Sunday, January 20, 2008
BoSacks Speaks Out; Anyone who is surprised by this move needs to stand up and leave the room. Wal-Mart is totally about efficiency and moving product(s). We, on the other hand with our much touted sell through ratios of 30% or less, are anything but efficient. You do the math. The biggest single magazine retailer is lopping off heads. This is just the begining of a new era of refined distribution. Are you ready?
"When science finally locates the center of the universe, some people will be surprised to learn they're not it."
- Bernard Bailey
Why Wal-Mart Cut 1,000 Magazines
Company's green initiative, lagging sales among factors.
Kristina Joukhadar and Dylan Stableford
After months of speculation by wholesalers and publishers, Wal-Mart is moving ahead with cutting close to 1,000 magazines from its shelves, and it appears the company's recent commitment to being "green" is a factor.
Representatives from the Bentonville, Arkansas-based company did not respond to calls and e-mails seeking comment. But according to industry sources with knowledge of Wal-Mart's plans, the company's Sustainability Committee-and its commitment to reducing waste-played a key role in its decision.
According to one Sustainability Committee member, the formula Wal-Mart used to determine the cut list was based on a ranking of magazine titles by sales. Any title that was not in the top half of sales in any Wal-Mart store was cut from the list.
Another source says that of the 1,000 magazines, the number of active titles cut was closer to 800-representing three percent of copies sold by the retailer. Wal-Mart accounts for more than 15 percent of total U.S. magazine retail sales.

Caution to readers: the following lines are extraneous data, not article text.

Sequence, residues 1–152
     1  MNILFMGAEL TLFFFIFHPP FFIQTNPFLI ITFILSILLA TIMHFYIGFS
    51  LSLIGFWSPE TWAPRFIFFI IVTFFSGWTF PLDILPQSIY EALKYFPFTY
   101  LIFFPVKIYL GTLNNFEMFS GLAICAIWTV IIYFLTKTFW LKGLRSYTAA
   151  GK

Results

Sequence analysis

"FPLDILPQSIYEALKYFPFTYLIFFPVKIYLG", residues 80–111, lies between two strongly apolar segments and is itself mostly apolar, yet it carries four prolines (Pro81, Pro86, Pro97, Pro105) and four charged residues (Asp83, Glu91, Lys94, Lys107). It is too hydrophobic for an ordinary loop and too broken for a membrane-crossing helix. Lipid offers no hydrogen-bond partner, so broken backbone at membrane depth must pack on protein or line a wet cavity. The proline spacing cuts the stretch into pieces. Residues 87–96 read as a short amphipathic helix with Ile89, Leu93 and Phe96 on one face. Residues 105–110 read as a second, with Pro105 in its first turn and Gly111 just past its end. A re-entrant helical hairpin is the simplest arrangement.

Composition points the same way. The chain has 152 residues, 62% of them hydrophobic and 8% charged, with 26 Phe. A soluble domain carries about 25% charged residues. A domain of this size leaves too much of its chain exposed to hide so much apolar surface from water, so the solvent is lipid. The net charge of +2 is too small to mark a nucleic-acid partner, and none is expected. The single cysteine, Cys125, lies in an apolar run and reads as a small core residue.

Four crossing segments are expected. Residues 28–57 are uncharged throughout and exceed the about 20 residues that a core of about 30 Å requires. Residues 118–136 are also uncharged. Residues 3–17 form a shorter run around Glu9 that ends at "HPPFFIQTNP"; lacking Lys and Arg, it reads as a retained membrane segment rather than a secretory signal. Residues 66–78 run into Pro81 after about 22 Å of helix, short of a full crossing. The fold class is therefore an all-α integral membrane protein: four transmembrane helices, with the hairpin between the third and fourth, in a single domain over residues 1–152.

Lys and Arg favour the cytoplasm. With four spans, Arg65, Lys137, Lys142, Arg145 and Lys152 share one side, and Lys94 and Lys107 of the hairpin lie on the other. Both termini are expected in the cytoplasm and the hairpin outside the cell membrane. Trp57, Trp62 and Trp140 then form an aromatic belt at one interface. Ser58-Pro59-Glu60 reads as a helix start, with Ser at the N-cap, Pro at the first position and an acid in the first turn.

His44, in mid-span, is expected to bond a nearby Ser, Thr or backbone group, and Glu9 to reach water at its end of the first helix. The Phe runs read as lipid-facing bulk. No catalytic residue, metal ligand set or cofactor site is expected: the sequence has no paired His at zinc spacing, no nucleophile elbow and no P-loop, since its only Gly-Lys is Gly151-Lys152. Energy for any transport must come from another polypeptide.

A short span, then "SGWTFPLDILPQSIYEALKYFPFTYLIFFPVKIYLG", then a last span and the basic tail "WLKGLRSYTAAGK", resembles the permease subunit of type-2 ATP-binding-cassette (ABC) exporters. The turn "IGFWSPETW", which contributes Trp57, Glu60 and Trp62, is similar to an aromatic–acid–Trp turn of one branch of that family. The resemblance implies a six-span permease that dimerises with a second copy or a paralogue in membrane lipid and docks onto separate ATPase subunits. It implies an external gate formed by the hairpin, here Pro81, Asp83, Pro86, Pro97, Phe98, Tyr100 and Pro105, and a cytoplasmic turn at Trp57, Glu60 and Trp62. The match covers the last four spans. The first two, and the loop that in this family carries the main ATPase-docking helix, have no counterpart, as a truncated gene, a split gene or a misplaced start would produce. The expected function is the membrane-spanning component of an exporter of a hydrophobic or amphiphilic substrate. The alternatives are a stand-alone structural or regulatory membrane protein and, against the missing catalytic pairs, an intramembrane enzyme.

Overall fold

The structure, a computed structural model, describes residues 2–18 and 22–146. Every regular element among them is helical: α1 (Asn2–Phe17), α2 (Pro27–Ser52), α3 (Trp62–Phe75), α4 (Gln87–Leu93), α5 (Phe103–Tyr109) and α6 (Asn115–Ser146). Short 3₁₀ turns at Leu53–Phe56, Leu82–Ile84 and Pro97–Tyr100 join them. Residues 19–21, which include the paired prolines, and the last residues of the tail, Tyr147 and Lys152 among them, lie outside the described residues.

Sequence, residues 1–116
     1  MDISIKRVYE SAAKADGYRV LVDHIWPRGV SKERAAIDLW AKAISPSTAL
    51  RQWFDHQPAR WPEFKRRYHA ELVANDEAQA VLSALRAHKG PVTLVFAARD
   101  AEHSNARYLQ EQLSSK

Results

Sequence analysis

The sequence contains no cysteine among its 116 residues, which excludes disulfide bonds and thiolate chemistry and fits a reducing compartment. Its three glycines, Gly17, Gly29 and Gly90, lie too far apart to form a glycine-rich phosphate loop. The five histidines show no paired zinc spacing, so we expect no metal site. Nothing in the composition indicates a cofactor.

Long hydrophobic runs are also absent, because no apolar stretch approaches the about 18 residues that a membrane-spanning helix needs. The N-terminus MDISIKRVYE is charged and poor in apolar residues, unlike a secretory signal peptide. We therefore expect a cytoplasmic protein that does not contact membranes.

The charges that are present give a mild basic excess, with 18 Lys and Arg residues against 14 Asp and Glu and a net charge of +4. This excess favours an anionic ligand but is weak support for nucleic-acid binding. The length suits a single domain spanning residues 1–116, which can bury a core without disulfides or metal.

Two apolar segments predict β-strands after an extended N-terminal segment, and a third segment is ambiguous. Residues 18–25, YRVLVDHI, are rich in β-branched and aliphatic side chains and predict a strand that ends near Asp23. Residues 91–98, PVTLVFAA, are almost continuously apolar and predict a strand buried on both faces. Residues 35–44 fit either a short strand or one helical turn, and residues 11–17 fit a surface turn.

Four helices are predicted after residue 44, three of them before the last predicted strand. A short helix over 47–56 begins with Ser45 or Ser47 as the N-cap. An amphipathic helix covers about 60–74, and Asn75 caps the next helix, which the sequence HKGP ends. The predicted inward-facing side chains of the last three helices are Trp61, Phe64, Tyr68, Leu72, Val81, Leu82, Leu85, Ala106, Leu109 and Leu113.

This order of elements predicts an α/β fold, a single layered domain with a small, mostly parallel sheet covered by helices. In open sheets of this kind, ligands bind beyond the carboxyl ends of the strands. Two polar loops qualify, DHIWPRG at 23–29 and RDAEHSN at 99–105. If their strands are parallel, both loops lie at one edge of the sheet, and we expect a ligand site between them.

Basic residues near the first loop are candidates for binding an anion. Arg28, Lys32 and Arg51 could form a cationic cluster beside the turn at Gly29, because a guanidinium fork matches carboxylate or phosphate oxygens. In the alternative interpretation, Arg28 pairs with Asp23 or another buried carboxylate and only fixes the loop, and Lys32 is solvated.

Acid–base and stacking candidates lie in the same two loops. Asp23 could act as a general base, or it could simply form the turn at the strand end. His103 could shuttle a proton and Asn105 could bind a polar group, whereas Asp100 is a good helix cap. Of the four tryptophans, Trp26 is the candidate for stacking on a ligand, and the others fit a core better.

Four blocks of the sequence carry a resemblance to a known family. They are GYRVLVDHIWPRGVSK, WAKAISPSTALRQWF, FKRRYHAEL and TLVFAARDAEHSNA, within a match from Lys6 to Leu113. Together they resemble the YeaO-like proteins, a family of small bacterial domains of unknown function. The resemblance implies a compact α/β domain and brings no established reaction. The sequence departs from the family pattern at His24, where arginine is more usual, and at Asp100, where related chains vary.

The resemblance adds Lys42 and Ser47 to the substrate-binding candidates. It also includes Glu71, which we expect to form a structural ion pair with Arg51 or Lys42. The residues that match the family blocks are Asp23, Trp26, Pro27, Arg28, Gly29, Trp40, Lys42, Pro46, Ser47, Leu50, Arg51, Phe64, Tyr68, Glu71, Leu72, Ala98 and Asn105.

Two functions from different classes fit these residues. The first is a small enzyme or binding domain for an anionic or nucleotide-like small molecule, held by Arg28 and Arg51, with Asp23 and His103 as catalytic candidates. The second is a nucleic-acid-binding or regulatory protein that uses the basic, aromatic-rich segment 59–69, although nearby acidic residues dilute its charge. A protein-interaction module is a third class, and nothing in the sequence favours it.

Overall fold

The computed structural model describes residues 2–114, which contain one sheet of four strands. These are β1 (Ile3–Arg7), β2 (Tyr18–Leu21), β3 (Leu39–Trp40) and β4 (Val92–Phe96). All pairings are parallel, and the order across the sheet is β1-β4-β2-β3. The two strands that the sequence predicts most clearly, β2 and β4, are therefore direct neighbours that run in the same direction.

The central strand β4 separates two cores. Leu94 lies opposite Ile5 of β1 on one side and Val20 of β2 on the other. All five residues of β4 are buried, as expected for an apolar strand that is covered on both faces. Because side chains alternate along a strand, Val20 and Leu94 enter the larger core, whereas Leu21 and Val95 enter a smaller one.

According to the New York Post , the cuts affected virtually all of the major consumer magazine publishers. Meredith Publishing, which as recently as December had denied rumors that it was being cut out of Wal-Mart, was hit particularly hard, with Better Homes & Gardens and Ladies Home Journal being shown the door.
Other axed titles include Town & Country, Home and Metropolitan Home (Hachette), Cookie, The New Yorker and W (Conde Nast), the Robb Report (CurtCo Media), The Economist, BusinessWeek (McGraw-Hill), Forbes and Fortune (Time Inc.), as well as a number of niche titles such as Boar Hunter Magazine, Spirituality & Health, Cabin Life and Log Home Living, according to the paper.
The cuts should come as no surprise. As far back as in October of 2006, Anderson News, the largest distributor to Wal-Mart, began telling publishers it intended to cut the draw on some of the magazines it distributes by up to 25 to 30 percent.
At that time, Anderson said it had "analyzed sales performances by title for every individual retail store and calculated the appropriate allocation for each store to support sales and minimize returns." The stated goal was to cut its financial losses by reducing the number of magazines with low unit sales, low efficiencies and/or low cover prices.
According to one industry expert, out of the 4,000 titles on the newsstand today (including annuals and one-shots), wholesalers say they lose money on at least half of those titles.